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The Three Pillars Of A Resilient Ransomware Strategy

Mon 17 May 2021 | Anurag Kahol

Anurag Kahol, CTO at Bitglass, explains how organisations can embed ransomware resilience into the heart of their cyber strategies

On any given week, ransomware attacks generate familiar headlines, with victims experiencing various degrees of downtime, data loss, and reputational damage as they try to recover. Even before the arrival of COVID-19, the ransomware epidemic was a growing problem, but the shift to remote working has only exacerbated the risks as cybercriminals stepped up their efforts to target new gaps in organisations’ security postures.

Despite growing awareness of the dangers of ransomware and the shocking stories that see some organisations teetering on the brink of failure, far too many victims–both actual and potential–share a similar characteristic: they lack the needed resilience and find it extremely difficult to prevent attacks and restore systems to normality when they occur.

Yet, if we accept the premise that it’s not a question of if, but when organisations will be targeted with these threats, then ransomware resilience should sit at the heart of every cybersecurity strategy. But what does this resilience look like and what are the priorities which can help stave off an attack when it almost inevitably arrives?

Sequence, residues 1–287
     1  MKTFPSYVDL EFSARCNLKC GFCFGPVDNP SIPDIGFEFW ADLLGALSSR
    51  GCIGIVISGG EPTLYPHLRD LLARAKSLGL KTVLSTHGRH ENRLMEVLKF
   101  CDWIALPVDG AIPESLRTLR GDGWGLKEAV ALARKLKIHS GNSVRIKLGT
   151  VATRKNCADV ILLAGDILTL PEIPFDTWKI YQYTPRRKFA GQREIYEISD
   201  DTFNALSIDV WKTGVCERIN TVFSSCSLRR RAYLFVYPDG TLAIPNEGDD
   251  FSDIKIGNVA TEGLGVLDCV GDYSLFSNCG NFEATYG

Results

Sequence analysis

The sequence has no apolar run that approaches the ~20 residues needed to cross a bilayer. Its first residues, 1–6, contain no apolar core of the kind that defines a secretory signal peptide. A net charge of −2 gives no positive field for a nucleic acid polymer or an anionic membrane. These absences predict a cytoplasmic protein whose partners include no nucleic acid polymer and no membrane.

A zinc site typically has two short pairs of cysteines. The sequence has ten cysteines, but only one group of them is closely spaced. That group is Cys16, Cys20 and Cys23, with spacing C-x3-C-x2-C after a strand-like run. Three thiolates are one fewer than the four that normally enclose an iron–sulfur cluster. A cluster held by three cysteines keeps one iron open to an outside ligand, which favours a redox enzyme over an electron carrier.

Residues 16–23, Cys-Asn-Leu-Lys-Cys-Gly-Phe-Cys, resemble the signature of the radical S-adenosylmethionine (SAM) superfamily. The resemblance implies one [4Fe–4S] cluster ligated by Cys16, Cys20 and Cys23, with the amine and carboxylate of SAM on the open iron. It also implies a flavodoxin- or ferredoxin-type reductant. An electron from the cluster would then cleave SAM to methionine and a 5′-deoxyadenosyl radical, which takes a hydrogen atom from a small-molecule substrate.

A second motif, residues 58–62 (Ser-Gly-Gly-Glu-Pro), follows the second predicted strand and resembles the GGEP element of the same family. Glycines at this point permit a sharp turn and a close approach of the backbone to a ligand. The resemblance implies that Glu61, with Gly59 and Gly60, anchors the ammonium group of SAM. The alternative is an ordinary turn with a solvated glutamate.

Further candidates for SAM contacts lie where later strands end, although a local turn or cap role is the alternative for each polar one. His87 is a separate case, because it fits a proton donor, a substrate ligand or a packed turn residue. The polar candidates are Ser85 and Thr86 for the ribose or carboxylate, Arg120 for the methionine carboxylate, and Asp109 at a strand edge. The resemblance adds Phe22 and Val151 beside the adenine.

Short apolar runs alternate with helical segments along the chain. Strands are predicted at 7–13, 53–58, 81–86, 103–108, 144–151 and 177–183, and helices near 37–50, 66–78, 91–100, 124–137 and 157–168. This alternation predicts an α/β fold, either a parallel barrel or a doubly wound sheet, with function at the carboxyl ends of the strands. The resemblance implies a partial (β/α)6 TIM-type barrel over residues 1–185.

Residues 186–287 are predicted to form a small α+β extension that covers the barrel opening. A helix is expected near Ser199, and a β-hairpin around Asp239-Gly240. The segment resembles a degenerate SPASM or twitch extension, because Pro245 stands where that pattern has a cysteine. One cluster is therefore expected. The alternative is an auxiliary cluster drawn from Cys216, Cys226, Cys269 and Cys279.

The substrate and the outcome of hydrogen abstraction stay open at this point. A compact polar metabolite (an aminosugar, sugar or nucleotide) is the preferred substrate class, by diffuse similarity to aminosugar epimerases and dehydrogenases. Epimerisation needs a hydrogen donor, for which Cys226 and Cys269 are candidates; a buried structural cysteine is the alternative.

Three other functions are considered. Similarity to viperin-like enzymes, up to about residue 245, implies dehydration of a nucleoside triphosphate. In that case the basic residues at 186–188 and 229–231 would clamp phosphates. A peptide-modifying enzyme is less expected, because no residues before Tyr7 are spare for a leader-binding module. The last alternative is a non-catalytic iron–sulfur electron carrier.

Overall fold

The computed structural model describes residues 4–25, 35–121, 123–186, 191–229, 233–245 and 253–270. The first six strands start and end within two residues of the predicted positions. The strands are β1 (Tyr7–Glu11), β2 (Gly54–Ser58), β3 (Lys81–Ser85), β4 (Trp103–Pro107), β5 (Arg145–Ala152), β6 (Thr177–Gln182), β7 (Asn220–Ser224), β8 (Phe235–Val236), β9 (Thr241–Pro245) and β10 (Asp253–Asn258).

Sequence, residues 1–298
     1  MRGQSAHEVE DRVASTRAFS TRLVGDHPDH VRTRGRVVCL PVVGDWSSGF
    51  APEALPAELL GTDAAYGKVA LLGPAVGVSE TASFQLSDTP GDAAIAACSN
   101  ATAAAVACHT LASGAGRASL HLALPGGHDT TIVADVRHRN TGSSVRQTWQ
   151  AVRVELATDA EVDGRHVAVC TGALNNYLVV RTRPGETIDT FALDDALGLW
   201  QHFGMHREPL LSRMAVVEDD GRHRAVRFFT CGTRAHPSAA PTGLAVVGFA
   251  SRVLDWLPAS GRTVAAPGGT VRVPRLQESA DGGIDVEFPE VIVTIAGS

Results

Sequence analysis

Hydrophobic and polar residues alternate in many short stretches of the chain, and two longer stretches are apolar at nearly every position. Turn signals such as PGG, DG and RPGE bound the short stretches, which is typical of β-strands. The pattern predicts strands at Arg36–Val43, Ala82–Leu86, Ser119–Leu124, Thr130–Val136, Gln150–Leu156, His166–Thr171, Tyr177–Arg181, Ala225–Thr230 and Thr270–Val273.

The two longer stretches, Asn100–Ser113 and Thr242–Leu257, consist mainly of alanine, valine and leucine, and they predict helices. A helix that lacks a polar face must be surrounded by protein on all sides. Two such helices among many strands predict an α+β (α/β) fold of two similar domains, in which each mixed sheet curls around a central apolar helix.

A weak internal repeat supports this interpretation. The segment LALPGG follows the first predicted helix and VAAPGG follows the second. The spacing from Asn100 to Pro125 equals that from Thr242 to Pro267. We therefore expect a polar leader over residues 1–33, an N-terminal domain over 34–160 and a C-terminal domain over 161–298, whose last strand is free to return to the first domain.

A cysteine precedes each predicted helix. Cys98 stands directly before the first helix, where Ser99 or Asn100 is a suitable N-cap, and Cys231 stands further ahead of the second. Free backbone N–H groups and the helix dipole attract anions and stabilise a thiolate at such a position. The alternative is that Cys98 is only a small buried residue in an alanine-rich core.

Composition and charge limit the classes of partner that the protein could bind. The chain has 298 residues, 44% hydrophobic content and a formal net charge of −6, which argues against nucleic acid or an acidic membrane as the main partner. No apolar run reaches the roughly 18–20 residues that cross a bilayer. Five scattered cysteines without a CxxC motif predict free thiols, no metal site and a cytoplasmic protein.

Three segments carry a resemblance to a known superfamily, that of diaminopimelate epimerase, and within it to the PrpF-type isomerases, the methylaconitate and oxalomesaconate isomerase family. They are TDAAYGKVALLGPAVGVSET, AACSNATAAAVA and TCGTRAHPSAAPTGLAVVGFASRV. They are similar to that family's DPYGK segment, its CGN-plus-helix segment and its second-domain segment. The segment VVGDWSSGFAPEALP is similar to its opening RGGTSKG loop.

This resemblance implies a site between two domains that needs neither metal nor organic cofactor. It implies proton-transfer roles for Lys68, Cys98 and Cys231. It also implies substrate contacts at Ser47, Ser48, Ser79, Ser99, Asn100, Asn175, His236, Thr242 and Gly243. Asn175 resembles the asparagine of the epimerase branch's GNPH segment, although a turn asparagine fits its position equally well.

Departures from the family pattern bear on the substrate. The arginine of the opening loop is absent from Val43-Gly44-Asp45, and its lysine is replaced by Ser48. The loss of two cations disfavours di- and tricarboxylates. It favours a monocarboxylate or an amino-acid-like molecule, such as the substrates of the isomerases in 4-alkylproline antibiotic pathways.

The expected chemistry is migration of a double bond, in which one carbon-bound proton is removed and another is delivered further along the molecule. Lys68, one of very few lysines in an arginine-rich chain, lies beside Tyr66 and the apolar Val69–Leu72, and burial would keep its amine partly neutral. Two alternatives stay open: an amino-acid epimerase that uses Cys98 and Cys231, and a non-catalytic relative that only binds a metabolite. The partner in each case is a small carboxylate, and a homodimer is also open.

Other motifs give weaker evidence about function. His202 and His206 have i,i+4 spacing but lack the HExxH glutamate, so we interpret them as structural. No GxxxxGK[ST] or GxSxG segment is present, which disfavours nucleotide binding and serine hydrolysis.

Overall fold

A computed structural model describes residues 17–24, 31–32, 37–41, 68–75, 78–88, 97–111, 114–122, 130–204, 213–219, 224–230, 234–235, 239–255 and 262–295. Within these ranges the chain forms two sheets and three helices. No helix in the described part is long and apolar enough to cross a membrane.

Building a strategy around three strong pillars–secure web gateway, multi-mode CASB, and zero trust network access–can allow organisations to embed ransomware resilience in the heart of their cybersecurity strategies.

Secure Web Gateways

Cybercriminals often target cloud environments as a primary route to execute ransomware attacks, therefore building a defence against malicious web destinations (such as malware, phishing, and command-and-control sites) is absolutely critical. Secure web gateways (SWGs) help organisations establish a real-time defence against these destinations by preventing users from accessing them altogether.

Additionally, as even trustworthy web destinations can be used as vehicles for malware delivery, when users are also protected from the risk of downloading ransomware via infected file attachments, organisations are able to reduce their vulnerability significantly.